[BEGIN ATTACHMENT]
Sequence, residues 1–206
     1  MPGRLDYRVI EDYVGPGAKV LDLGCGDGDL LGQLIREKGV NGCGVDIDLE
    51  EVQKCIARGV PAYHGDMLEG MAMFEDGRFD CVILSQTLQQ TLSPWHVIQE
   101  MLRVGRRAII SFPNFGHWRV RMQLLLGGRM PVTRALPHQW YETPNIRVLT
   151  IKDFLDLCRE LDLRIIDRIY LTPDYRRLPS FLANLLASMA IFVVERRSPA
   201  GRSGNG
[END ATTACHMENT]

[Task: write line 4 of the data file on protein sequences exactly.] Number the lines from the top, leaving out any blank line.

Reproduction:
   101  MLRVGRRAII SFPNFGHWRV RMQLLLGGRM PVTRALPHQW YETPNIRVLT